However in El Attarine imorrtelle is flanked by another warm and sweet essence that is a favourite of Lutens and a staple of Middle-eastern and Mediterranean tradition: jasmine. Its intoxicating lushness appears along with pronounced woods to polish El Attarine off.

Perhaps in a more prosaic description Lutens goes on to say that: "In Arab countries, “attarin” means sweet-smelling, and refers to everything within the realm of the “atar”: fragrance, heart, flavour and essence". Attars recall the mysteries of the east, its people and the rituals in which they engage. The mingling of smell and taste is not unheard of in the Lutens/Sheldrake cosmos, as both Douce Amèreand Mandarine Mandarin are impressions of gustatory speciments (absinthe and mandarin respectively) that reveal side panels of aromas like in a Byzantine triptych ~"Attarine is not a closed door. You cannot make a perfume with only your nose".
El Attarine is also the name of a regal, elite Koranic school in Fez, thus the fragrance is another homage to the Arabic culture that has been providing Lutens with inspiration for the last 2 decades at least.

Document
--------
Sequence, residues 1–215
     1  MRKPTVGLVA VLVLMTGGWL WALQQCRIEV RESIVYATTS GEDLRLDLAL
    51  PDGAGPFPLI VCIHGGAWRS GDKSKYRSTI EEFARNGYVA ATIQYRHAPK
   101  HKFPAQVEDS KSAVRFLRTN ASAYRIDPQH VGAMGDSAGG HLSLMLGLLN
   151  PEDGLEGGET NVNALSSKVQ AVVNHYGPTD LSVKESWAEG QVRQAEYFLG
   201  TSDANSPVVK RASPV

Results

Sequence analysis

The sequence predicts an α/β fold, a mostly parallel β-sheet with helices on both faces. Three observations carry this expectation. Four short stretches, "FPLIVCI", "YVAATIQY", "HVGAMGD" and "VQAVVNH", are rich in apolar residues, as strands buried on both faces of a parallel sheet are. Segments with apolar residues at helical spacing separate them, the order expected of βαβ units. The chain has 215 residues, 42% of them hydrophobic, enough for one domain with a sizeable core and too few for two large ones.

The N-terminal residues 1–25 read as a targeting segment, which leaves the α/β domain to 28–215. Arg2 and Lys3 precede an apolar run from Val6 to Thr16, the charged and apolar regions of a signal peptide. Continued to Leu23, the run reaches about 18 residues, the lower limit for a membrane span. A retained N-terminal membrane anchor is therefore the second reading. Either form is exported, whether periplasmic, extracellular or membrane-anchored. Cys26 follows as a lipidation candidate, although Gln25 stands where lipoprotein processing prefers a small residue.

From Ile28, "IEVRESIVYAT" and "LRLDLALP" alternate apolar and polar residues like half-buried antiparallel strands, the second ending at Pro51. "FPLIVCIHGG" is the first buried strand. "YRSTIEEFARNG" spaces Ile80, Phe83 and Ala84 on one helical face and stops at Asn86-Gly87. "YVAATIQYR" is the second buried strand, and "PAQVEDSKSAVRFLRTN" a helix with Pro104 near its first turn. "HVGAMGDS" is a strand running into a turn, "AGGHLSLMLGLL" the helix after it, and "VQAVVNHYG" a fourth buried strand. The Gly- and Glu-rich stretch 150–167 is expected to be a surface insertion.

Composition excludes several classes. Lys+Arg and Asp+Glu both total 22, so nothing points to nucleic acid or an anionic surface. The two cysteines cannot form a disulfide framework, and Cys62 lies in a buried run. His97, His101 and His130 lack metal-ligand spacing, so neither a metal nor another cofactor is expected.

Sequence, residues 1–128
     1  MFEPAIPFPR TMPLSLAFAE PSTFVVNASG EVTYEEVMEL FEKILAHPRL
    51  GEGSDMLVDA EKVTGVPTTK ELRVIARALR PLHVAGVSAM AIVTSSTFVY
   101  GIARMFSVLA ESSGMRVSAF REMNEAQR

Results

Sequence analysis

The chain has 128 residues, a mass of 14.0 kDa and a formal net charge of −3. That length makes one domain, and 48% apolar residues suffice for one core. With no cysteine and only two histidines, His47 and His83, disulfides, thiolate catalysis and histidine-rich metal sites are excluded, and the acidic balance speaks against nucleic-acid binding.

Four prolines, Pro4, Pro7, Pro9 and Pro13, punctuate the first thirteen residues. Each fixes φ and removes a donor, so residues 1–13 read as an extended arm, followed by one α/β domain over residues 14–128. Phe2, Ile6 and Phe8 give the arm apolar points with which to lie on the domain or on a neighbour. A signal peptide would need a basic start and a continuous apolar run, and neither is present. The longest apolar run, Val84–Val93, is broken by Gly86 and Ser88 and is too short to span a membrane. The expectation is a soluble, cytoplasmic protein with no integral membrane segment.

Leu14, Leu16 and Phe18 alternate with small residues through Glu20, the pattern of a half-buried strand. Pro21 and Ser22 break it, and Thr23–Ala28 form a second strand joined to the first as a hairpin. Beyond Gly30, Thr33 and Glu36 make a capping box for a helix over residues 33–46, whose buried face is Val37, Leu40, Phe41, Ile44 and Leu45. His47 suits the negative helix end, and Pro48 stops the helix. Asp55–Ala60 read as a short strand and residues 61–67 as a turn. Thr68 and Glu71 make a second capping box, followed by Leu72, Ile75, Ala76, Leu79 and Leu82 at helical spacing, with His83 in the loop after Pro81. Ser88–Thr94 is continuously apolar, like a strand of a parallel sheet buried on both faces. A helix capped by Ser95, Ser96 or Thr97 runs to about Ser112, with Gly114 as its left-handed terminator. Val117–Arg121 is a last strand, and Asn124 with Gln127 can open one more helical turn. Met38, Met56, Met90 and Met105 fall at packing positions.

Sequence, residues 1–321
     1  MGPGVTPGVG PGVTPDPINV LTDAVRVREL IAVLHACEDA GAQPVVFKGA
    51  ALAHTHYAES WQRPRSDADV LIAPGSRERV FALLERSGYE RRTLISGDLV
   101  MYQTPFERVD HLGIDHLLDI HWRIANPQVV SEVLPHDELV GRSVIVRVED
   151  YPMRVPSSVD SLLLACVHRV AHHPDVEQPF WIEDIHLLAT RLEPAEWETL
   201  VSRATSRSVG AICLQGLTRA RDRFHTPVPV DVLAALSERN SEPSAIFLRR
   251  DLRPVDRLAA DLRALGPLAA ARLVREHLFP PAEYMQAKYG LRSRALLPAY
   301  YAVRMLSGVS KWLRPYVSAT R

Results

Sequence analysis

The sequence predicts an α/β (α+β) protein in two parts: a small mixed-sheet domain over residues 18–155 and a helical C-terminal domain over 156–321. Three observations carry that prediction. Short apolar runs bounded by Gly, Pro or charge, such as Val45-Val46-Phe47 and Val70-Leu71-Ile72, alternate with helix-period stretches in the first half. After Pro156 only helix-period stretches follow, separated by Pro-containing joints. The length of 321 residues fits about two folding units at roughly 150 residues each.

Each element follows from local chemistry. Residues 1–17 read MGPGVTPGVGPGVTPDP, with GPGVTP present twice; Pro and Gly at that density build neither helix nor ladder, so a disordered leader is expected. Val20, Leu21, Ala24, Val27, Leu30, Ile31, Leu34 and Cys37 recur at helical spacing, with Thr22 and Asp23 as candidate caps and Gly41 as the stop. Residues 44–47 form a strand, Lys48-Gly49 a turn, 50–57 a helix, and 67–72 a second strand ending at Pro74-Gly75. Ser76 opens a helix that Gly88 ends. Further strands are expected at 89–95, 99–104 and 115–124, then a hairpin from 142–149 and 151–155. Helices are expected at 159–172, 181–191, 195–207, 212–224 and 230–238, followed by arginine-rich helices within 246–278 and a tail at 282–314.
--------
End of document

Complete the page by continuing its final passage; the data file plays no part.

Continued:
In a Parthian Shot, Serge leaves us with this: "It is an accord born out of a disagreement in the first person. From my attarinian solitude, the fruits of my imagination were abundant". Make of it what you will and we shall return as soon as it is released!

El Attarine is priced at € 110 for the standard bell jar containing 75 ml, available exclusively at the Salons du Palais Royal Shiseido (August 2008). There is the option of shipping within Europe.

Next post will focus on Serge Noire: stay tuned!

Pics courtesy of Palais Royal and Wikipedia.
You can read an interview with Lutens on Scented Salamander.


  1. Anonymous22:15

    Well, if it contains my beloved jasmine, it can't be bad. ;-)
    Immortelle, who knows what it smells like? I think that L'occitane has an Immortelle line of creams and tonics and I tried two products of this line (they were excellent), but they smelled like a cream. :-)

  2. I like your way of thinking! :-)

    Immortelle, like I mentioned, has a fenugreek and maple syrup odour about it: if you have tried Sables, Eau Noire or L de Lempicka (and if you haven't, by all means do, they're very good!), these feature it prominently, so it should give you an idea.
    I am aware of the L'Occitane skin products but I think they have a focus on the beneficial properties and not the smell (the Olive line doesn't smell particularly olive-like either).